The Low Self Esteem Myth

For years, social engineers have blamed low self esteem for the ills of modern society. Failure to achieve success, or worse, was thought to be due to the struggle of the individual over their low self esteem. Surprisingly, considerable public policy has been put into place without any scientific evidence to support this hypothesis whatsoever. In fact, much of the so-called class struggle boils down in the minds of these social engineers to the non-achieving group simply having lower self esteem than the achievers. If it was possible to raise that self esteem, the theory goes, then we could make achievers out of the non-achievers. Criminals, were widely viewed as individuals with low self esteem.

Recently, research from several sources has made it clear what a myth this has been. Unfortunately, it only took a very small amount of common sense to see this without the aegis of a scientific study. It seems that what Dr. Nicholas Emler, a social psychologist who conducted the study for the London School of Economics, has discovered is that the combination of high self esteem misplaced with low talent is the most dangerous combination for society. Individuals of low self esteem are most likely to do harm to themselves, while misplaced high self esteem leads to an individual full of resentment that winds up doing harm to others.

Young people with very high self-esteem are more likely than others to hold racist attitudes, reject social pressures from adults and peers, and engage in physically risky pursuits such as drink-driving or driving too fast, the study said. Interestingly, the study found that relatively low self-esteem was not a risk factor for delinquency, violence, drug use, alcohol abuse, educational under-attainment or racism. I can tell you from personal experience that some of the most competitive over-achievers I have ever known are people with deep seated insecurities about themselves. They're the ones that feel they have something to prove.

Everyone knows there is some kind of fundamental difference that made society somehow worse for the wear along about the Vietnam/Watergate era. Crime rates rose precipitously, and an overall discontent that has most recently manifested itself as the so called class war are just some of the symptoms. I believe that the problem that has infected our world is a lack of respect, which is the complementary mirror image to the whole self esteem issue. Vietnam and Watergate made disprespect for the establishment, in other words for the achievers, a legitimate pursuit for most right-thinking Americans. We're still trying to recover from that disaster, and indeed do not see it clearly as a problem even today. The problem is that the achievers had abused their power in the worst possible way, destroying not just their own credibility, but far more dangerously the mantle of credibility built for the offices.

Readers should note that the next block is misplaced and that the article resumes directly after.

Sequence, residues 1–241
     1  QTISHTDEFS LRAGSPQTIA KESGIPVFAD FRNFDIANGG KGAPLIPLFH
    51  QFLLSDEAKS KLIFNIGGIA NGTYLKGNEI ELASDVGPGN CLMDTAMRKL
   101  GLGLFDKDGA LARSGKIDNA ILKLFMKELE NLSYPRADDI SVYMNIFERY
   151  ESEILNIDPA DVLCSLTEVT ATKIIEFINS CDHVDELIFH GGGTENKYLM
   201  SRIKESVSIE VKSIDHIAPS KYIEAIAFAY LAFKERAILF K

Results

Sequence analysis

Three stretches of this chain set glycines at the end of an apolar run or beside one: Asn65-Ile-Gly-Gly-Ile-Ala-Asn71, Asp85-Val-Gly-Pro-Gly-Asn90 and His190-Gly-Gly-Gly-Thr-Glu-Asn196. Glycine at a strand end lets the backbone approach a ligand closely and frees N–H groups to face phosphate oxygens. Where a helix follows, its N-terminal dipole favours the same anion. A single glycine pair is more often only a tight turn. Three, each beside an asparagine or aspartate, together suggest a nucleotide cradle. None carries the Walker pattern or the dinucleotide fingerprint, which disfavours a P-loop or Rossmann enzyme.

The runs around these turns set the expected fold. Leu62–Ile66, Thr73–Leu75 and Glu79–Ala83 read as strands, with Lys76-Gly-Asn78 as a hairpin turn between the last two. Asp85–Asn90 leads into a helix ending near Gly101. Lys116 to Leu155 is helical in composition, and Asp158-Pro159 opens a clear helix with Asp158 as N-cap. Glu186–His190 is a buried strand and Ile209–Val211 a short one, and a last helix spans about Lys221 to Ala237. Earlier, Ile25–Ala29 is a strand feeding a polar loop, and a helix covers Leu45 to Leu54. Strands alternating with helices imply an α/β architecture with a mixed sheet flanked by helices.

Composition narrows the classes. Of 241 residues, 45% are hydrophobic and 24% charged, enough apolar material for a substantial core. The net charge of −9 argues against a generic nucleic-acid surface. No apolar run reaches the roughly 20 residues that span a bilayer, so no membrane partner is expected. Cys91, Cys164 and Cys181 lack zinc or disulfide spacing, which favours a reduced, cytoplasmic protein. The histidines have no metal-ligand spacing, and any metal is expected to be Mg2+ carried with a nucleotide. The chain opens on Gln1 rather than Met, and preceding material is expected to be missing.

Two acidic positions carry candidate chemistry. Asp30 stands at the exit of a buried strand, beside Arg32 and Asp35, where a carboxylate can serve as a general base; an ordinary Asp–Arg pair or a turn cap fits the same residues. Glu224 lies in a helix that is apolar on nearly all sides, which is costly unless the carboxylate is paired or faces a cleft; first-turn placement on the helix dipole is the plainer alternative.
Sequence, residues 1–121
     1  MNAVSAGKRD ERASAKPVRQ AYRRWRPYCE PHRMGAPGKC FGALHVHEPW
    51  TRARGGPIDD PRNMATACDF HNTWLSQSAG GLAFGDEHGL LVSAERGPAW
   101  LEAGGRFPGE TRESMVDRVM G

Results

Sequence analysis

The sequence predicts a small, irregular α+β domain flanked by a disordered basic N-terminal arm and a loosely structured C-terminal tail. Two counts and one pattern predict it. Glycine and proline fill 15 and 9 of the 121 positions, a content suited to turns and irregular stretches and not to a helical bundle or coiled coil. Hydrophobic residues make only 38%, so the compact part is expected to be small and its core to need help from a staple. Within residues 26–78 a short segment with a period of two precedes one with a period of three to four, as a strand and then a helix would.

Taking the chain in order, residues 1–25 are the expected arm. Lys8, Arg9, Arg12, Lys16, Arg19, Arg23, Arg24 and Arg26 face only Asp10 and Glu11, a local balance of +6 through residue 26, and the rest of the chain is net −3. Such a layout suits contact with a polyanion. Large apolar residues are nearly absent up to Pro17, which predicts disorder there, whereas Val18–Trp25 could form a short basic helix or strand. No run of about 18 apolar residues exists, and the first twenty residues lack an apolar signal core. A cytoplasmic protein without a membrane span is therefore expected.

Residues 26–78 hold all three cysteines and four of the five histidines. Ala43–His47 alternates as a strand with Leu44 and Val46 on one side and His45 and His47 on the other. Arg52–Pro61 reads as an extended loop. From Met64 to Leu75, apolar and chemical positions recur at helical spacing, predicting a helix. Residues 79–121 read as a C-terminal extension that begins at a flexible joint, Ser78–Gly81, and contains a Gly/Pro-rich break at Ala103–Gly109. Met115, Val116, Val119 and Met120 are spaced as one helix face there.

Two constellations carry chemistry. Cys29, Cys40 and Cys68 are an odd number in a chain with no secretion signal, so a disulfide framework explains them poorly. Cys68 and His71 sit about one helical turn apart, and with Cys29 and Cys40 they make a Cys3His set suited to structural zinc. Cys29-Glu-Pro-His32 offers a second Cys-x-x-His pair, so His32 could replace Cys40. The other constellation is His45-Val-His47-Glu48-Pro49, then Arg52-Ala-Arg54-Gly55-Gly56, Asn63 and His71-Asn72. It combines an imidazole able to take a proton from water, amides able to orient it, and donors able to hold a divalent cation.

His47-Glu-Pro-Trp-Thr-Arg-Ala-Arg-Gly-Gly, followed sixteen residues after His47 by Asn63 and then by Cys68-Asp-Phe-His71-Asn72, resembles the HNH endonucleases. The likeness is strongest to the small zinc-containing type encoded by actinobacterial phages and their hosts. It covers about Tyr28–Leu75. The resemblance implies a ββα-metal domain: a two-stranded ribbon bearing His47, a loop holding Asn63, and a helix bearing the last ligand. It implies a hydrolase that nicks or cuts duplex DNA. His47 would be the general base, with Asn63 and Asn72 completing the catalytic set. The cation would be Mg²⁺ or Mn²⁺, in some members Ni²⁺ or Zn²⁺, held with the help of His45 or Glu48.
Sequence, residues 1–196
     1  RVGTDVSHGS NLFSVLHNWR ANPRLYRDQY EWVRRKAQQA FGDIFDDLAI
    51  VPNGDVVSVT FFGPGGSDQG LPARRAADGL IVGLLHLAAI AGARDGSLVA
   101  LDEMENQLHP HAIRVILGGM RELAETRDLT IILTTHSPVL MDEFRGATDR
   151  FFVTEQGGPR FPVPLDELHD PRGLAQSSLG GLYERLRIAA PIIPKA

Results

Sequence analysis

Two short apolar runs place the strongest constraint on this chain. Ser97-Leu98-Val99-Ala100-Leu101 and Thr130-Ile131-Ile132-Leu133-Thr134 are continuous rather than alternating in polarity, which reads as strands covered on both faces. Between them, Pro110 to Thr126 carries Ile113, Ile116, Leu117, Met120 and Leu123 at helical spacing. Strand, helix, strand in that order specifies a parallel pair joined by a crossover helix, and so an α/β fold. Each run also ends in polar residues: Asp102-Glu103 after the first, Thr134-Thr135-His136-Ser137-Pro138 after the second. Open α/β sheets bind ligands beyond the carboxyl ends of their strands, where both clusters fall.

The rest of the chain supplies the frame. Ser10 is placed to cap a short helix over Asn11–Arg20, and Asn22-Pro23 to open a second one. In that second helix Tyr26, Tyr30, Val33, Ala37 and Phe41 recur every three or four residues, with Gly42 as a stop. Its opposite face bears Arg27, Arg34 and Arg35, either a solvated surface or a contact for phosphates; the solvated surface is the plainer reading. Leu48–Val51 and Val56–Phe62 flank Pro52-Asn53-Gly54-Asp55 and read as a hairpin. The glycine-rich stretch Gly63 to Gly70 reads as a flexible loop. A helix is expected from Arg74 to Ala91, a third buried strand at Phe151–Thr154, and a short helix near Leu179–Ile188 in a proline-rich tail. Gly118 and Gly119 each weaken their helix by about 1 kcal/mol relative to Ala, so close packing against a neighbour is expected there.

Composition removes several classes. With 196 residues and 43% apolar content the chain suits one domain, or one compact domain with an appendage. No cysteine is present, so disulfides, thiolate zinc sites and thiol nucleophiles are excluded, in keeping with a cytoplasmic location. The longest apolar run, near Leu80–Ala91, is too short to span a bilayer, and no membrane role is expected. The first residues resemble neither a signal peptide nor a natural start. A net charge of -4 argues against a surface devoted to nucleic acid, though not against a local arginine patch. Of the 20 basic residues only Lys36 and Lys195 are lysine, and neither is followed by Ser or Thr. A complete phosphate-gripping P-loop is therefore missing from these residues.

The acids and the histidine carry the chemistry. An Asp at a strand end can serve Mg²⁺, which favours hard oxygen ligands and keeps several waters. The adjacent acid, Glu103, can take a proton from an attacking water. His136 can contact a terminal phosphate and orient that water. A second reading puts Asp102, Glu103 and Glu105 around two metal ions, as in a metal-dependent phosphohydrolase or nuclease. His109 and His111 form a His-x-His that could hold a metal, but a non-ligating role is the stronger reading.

Its a curiously American notion that is at once our greatest strength and our greatest weakness. It starts out with "all men are created equal", and moves on to "therefore all men are equal". We forget the distinction that accomplishments may bring, or that the rest of the thought is that all men are equal under the law, are entitled to equal protection, and so forth. We have forgotten respect for others who have accomplished more than us, in other words. Instead, it was replaced by a "Greed is good, even if I had to cheat to get it" mentality. The excesses of Wall Street have done little to aid this cause, because it represented another large institution, formerly respected, that now showed its ugly side and fueled the cry from the have nots that the only reason the haves got theirs was by cheating and luck.

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